And they weep forevermore.
Setting down her pen, Monica reread the morbid poem she had just written and grinned. It was a lovely piece about lost souls, and she was quite proud of it. She read through it a few more times, occasionally aloud, to make sure she had the rhythm right. After changing a few words, she nodded. It was finished.
Tomorrow she would read it one more time (just to be sure) and send it into the magazine, where it would, with any luck, be published. It would be her tenth poem to make it into print. She felt that deserved ice cream.
Walking to the bus stop, Monica let her mind wander, hoping to hit upon an idea for a poem. She wished absently that she had someone to bounce ideas off of.
The bus pulled up, and Monica stepped on it. In her distracted state of mind, it took her a moment to realize she was the only passenger—in fact, she was the only one on the bus. There wasn’t even a driver.
Bewildered, Monica turned to get off the bus, but the doors had already swished shut. For a moment, absolutely nothing happened. Monica looked around her. Surely she was mistaken. There had to be someone. Someone had to be controlling the bus.
“Hello?” she called out.
And then the bus began to shake. It rattled and quaked, throwing Monica to the ground.
“Are you all right?”
She looked up to see people around her. A girl was bending down to help her up, but gasped when she saw her. Monica couldn’t blame the girl—she felt like gasping herself. It was strange enough to have an empty bus toss you to the ground as though it were in an earthquake, and then find yourself surrounded by people—but looking at the girl beside her was beyond strange. It was impossible.
The girl had her face.
“You--” Monica gasped, just as the other girl said the same thing.
“How?” Again, the girls spoke in unison.
Examining the girl, Monica found that they were not actually identical. While they had the same face, the other girl had painted hers with quite a lot of makeup—using pink eye shadow and shiny lip gloss. On a good day, Monica wore mascara and lipstick. The girl also had a purple feather in her layered brown hair, whereas Monica’s hair was plain and straight. Monica also noticed that the girl’s outfit was far trendier than anything she herself owned—preferring, as she did, to wear sweatpants and baggy t-shirts.
The bus started to move. The girl with her face helped Monica into an empty seat. People around them were staring, so the girl pulled the cord signaling she wanted to stop. The two girls said nothing as they waited for the bus to reach a designated stop and pull over. Then they piled out, still watched by their fellow passengers.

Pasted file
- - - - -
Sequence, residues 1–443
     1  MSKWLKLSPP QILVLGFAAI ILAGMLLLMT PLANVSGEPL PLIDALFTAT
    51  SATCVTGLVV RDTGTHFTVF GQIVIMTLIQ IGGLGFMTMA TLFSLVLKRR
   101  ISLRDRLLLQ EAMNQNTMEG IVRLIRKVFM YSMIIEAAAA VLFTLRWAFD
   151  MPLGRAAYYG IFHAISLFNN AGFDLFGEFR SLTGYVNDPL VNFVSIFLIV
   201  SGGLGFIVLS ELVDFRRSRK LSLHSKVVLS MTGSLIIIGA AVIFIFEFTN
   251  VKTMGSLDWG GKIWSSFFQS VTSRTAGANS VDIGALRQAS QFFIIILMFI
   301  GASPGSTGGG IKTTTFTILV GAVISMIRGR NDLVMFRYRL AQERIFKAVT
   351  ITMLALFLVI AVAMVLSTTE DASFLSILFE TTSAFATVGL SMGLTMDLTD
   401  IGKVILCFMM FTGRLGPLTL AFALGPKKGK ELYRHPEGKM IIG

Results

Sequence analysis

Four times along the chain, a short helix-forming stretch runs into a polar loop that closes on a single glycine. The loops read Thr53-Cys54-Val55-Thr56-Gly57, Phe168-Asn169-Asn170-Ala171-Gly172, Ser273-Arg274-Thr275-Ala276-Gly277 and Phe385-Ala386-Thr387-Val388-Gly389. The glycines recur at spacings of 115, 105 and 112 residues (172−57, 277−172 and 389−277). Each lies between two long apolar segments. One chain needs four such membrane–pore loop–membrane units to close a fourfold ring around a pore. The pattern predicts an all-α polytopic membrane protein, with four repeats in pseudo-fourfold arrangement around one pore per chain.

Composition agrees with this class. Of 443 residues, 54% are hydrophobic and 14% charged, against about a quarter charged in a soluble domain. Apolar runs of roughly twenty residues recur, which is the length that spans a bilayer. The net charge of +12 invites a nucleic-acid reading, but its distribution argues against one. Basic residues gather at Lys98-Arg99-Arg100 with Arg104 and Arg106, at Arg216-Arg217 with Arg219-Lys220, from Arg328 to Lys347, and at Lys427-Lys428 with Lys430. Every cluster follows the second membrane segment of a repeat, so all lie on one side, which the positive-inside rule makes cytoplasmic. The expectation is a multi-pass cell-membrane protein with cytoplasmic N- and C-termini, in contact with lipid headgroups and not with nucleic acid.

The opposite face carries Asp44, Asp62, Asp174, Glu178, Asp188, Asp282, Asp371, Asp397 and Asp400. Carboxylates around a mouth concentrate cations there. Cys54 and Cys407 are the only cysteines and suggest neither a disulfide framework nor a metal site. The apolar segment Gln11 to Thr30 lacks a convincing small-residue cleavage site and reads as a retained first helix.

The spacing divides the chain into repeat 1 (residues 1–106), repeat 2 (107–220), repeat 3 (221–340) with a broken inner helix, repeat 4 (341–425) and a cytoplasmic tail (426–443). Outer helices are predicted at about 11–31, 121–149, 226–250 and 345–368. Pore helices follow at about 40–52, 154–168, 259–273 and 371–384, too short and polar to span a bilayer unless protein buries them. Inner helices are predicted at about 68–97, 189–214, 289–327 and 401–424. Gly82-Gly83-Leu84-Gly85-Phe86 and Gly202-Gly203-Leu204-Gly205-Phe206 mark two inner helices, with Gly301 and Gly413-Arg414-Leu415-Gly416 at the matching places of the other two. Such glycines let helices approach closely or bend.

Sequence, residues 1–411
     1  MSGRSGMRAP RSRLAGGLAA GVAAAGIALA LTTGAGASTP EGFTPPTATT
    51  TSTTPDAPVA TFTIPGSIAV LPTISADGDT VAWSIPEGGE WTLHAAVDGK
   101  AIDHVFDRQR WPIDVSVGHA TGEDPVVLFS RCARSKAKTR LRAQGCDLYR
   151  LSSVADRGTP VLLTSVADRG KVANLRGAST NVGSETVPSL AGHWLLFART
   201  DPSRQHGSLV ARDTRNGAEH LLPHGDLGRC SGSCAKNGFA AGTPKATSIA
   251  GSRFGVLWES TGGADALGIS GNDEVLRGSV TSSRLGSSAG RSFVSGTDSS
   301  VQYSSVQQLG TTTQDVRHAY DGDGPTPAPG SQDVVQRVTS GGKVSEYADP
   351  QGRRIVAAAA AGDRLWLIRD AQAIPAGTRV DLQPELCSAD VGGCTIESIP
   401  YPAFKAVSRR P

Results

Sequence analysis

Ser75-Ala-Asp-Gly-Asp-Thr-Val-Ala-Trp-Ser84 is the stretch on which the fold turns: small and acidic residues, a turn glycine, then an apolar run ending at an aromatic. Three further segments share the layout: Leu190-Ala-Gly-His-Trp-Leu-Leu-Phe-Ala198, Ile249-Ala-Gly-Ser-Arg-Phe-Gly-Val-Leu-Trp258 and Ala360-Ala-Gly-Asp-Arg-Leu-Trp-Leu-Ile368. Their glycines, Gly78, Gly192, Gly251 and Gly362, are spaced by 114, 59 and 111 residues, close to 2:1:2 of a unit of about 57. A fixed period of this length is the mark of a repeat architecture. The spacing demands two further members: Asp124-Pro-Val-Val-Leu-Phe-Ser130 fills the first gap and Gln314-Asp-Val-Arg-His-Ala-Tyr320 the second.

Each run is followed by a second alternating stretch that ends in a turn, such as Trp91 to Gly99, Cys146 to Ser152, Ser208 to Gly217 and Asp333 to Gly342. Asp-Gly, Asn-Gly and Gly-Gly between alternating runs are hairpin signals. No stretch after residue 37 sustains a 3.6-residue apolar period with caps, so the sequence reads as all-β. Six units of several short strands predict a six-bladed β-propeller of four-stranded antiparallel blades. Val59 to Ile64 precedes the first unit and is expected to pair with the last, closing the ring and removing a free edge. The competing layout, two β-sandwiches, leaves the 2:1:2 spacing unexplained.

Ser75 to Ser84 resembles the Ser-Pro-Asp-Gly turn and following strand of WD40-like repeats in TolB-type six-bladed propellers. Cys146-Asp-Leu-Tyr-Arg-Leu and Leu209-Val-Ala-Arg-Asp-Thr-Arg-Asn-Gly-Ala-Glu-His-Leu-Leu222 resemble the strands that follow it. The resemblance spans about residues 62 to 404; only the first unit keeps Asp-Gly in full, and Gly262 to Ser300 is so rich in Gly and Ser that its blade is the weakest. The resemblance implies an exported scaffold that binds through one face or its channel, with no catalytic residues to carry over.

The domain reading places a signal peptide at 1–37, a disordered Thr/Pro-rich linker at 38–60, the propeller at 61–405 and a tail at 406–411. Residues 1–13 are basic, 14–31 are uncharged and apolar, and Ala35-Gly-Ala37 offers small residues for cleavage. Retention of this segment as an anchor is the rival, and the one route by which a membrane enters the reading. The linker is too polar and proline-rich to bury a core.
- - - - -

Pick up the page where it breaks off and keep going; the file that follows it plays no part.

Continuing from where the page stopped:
Standing alone with her doppelganger under the hot sun, Monica found herself completely at a loss for what to say. Her twin was the first to speak.
“So, what is this, a separated at birth thing?”
“I don’t know.”
“You have my face.”
“Where did you come from?”
“You just appeared on the bus. I thought I must have imagined it, but….”
“I don’t know.” Monica rubbed the bridge of her nose, trying to focus. “When I got on the bus… this is going to sound crazy.”
“We’ve already passed crazy.”
Monica shrugged. “Fair enough. When I got on the bus, it was empty. No passengers, no driver even. Then it shook, and I fell over, and when I looked up you were there.”
“Huh.” The other girl rubbed the bridge of her nose. “Who are your parents?”
“What are your parents’ names?”
“Erica and Jason.”
“Yeah—how’d you know?”
“I’m Monica Chase. My parents are Erica and Jason Chase.”
Monica stared at the girl. “That’s not possible.”
“Your name is Monica too, isn’t it?”
Monica could only nod.
“Ever watch Doctor Who?”
Rolling her eyes, Monica said, “Duh.”
“Well, there you are.”
“Where am I?”
“In another dimension.”
“What?” Monica’s jaw dropped.
“You must have passed into another dimension.”
“Coming from anyone but myself, that would be the most insane statement I’ve ever heard. But… you must be right.”
Monica looked around. Everything looked so normal… except… Across the street, where there had always been a Wal*Mart, sat a Winn Dixie. And—she blinked. How had she not realized that the cars were driving on the other side of the street, like they do in England?
“You must be right,” Monica repeated.
“Sure I’m right,” the other Monica said. She seemed much more relaxed, and even excited, about the whole thing—which Monica supposed was because she hadn’t been pulled out of her life and into a strange alter-version of it.
“I wonder if we’re exactly the same?” she said.
Monica raised her eyebrow. “We don’t look the same.”
“Well, we do dress different.”
“And you got your hair layered.”
“Isn’t it cute?”
Monica had to concede that it was. Why had she never thought of layering her hair? It really complimented her face shape.
“I wonder if we’ve written the same poems,” she said.
“Poems?” the other Monica repeated, “I don’t write poems.”
“What?” Monica stared at her. “How can you not write poems?!”
The other Monica shrugged. “It never occurred to me. I didn’t think I’d be any good.”
“But weren’t you inspired when that poet came and talked to you in sixth grade?”
“Oh, I remember that. The teachers were super psyched about it. But Alison and I ditched that day.”
It was the other Monica’s turn to stare. “You don’t know Alison Stewart?”
“Never heard of her.”
“But she’s my best friend!”
Monica looked around, eyes lingering on the Winn Dixie and the wrong-way driving cars.
“Things are different here,” she said.
Today's Novel Idea Prompted by: "You have been transported to another dimension! This world is similar to our own, but several key things are different. What are these key things, how did you get there, and how might you be able to get home (if you even wanted to)?" courtesy of Build Creative Writing Ideas.